I understand Druidry to be a modern faith – drawing on ancient roots, to be sure, but nevertheless modern in form, outlook and content. Futhermore, I don’t see any reason to think that modernity is a problem.
Druidry is like a tree with many roots.
It has ancient roots, reaching back to what little we know of the ancient British and Celtic peoples. These roots bring us a name, stories, the importance of trees and mistletoe, and a healthy skepticism about history written by the winners.
It has medieval roots, which tap into the rich vein of stories recorded throughout the middle ages and later. Folklore, romances, practices of magic and prayer all feed into this root.
It has modern roots, as the Industrial Revolution takes hold. Druids re-enter the popular imagination to be heroes, and Ross Nichols was able to join a Druid Order – which he then re-formed.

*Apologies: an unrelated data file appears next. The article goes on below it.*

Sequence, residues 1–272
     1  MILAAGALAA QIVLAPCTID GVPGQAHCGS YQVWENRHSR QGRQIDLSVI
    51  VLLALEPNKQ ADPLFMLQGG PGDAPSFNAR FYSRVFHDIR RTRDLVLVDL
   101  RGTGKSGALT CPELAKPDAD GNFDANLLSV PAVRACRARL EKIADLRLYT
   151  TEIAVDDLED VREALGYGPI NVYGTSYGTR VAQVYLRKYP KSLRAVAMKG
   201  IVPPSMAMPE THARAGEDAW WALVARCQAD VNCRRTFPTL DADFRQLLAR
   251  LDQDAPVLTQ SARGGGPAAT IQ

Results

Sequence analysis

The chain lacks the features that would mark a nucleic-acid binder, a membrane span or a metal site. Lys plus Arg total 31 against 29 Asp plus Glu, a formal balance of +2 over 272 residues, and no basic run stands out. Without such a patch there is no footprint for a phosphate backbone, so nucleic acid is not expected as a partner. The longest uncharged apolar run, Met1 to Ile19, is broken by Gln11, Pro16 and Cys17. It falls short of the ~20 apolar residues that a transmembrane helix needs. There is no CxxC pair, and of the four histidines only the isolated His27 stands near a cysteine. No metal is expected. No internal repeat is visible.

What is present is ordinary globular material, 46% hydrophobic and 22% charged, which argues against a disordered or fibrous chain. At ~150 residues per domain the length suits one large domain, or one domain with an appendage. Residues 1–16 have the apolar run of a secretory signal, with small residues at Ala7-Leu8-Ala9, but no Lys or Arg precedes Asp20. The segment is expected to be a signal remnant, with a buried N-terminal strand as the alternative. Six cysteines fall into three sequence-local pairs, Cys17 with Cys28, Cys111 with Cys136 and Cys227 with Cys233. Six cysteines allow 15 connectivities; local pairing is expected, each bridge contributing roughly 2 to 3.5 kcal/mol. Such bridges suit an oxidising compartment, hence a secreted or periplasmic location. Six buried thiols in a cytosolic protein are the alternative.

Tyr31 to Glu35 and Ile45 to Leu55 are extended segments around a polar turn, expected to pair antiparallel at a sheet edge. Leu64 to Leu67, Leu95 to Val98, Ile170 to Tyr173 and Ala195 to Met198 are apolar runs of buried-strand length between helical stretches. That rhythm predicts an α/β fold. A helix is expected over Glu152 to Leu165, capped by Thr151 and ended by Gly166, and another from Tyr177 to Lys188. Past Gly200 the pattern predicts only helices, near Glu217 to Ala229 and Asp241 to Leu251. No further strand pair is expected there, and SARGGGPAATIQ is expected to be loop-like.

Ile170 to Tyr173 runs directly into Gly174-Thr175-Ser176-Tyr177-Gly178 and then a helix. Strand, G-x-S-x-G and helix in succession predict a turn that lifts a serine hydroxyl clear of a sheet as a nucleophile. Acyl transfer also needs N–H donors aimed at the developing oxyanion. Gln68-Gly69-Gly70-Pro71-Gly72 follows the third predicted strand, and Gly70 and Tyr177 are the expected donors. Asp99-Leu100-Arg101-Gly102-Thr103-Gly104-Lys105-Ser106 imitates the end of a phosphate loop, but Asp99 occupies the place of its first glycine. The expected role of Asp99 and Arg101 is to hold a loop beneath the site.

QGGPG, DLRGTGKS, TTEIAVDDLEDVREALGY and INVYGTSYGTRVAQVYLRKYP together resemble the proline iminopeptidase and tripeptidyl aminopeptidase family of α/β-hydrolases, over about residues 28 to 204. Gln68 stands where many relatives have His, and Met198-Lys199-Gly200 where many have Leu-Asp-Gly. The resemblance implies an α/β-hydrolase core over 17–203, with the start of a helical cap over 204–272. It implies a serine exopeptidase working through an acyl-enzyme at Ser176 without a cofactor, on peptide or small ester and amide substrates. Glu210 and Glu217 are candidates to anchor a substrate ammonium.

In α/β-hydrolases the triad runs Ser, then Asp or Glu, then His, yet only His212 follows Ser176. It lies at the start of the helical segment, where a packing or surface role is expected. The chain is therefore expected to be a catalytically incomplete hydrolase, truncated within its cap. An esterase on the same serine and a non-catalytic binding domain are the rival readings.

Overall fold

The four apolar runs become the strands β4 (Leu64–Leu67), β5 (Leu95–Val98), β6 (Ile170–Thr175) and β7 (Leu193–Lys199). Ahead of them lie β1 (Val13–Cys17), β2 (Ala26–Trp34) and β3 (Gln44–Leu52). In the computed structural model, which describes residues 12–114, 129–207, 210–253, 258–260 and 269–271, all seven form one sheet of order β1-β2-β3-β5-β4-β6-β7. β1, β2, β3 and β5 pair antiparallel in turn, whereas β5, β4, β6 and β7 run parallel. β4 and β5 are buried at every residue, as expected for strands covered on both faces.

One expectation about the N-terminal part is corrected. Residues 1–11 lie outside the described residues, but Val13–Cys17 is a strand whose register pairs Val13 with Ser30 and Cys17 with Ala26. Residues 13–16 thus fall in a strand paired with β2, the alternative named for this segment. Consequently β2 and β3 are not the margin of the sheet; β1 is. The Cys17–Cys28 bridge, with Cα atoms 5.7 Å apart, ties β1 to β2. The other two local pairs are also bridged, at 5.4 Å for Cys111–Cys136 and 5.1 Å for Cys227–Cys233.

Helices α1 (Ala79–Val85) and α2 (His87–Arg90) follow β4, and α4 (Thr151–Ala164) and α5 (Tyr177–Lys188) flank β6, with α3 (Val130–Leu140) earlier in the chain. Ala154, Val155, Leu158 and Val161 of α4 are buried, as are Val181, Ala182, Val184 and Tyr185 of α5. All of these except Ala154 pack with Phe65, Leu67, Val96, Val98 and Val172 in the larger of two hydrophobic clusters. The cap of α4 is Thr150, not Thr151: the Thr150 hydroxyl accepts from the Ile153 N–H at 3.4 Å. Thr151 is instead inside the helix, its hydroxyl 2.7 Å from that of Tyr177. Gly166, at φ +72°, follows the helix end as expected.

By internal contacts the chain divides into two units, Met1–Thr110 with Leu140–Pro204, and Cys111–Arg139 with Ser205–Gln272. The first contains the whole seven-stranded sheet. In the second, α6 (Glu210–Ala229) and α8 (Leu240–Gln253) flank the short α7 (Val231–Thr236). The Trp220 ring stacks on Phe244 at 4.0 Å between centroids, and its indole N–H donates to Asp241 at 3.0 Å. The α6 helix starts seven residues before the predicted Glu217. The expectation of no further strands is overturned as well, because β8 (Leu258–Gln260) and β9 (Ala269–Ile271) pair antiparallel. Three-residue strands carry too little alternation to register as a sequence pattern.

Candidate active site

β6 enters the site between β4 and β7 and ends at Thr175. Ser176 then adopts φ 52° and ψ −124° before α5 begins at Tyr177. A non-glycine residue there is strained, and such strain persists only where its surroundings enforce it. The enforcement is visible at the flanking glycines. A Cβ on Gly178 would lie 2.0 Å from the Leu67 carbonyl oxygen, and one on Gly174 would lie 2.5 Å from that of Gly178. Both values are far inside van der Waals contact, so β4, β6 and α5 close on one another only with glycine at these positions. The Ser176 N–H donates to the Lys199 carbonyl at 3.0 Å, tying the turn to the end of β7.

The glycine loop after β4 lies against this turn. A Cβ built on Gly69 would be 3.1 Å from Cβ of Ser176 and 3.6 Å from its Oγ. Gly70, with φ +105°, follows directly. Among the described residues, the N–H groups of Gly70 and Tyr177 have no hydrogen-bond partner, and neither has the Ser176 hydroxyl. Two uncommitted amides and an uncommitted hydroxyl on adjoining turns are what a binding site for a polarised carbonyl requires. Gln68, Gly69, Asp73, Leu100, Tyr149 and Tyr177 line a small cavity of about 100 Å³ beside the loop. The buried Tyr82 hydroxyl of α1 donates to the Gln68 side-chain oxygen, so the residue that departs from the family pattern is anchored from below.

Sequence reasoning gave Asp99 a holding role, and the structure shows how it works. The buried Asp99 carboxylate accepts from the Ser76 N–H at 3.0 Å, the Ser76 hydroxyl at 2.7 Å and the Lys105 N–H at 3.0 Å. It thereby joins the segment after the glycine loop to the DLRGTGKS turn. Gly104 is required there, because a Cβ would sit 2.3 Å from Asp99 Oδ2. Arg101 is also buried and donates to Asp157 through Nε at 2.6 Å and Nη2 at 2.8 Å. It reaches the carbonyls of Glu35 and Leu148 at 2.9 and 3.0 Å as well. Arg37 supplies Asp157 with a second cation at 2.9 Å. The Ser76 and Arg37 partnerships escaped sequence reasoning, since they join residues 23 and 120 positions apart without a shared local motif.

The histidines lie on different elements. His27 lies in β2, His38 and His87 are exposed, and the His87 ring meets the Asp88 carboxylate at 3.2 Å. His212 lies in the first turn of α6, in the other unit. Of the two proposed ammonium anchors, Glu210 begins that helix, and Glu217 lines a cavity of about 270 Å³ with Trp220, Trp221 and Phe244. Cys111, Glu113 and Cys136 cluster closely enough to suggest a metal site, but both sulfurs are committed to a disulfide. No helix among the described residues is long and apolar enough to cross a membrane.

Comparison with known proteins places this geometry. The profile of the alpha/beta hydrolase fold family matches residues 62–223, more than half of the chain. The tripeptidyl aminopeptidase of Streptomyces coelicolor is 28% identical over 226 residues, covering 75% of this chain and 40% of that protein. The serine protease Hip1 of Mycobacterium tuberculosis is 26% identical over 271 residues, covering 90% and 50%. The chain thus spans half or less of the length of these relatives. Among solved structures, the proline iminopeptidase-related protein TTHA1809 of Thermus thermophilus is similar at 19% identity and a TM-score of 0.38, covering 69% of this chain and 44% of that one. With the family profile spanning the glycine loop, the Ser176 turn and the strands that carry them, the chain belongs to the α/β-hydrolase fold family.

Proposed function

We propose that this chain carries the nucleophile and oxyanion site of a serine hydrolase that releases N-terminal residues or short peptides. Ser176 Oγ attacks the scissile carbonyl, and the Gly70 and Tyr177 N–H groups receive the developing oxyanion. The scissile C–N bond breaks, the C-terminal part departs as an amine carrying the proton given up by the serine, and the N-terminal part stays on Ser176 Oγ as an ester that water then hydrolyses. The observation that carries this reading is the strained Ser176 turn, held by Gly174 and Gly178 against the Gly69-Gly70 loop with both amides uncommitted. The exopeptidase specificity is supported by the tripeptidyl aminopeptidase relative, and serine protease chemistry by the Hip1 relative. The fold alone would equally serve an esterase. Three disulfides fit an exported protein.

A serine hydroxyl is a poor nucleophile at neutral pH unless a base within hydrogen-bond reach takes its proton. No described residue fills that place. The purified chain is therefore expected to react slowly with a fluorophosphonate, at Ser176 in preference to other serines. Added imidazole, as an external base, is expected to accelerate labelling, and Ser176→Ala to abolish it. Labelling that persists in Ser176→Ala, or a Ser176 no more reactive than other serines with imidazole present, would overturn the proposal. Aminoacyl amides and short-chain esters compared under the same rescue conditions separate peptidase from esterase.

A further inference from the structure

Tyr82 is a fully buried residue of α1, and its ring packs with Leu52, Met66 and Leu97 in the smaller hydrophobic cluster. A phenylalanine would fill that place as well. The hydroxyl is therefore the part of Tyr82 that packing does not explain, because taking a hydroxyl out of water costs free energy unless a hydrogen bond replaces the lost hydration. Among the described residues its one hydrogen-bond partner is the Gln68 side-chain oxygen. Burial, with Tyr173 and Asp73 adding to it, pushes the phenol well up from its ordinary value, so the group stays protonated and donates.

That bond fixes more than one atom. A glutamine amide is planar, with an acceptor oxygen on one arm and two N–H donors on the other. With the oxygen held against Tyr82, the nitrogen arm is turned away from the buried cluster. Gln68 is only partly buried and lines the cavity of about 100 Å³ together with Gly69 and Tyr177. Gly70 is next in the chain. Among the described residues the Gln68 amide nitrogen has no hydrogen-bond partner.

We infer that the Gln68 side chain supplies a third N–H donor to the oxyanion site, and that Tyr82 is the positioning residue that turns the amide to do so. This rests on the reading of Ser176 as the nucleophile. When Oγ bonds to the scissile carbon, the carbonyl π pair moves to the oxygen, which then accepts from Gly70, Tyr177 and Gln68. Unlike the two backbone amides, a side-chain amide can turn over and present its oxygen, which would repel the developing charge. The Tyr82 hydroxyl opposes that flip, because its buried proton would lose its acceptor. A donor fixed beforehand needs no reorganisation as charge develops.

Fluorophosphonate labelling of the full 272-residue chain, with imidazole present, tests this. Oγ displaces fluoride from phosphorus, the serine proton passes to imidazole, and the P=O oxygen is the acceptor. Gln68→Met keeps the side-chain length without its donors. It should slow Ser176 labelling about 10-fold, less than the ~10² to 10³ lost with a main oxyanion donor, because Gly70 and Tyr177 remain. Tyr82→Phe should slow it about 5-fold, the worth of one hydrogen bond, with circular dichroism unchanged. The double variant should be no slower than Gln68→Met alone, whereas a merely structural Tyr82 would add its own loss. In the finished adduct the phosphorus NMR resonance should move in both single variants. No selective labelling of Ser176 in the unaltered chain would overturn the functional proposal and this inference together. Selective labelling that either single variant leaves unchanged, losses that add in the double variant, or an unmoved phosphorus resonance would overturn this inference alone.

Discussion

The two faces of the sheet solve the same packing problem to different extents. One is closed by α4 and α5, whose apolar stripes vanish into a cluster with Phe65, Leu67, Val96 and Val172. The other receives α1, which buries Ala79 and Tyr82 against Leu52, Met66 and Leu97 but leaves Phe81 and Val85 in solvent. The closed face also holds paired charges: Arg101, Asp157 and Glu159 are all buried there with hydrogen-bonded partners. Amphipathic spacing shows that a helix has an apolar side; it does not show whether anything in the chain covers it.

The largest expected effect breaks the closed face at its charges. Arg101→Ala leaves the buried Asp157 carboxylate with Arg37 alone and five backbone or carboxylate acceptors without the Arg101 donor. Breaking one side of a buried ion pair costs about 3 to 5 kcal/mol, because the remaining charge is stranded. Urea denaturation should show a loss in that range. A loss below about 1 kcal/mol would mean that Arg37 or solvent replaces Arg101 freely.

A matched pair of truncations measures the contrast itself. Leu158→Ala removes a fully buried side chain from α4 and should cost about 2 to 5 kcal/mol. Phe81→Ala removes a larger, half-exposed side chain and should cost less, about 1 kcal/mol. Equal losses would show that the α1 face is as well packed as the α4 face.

Now it is growing postmodern roots. Druidry today works with a wide range of material – depending on the branch and the practitioner – including traditional stories, psychology, ritual and magic, and Celtic religion.
We can also recognize other trees with similar roots or from similar seeds. Wicca and Celtic Reconstructionism might be examples of the former; Hinduism and the Native American religions might be examples of the latter.
My theory of religions does not say that we are climbing a mountain to one point, and must choose our paths. It says that we are all spreading our leaves to the light from one sun, and must grow from where we are.
The Druidry which I practice – strive to practice – celebrates life and physicality, seasons and elements, sacred energies and natural cycles.
Sources: I couldn’t have written this post if I hadn’t read Isaac Bonewits’s Essential Guide to Druidism, Ronald Hutton’s The Druids: A History, or Ross Nichol’s The Book of Druidry among other things.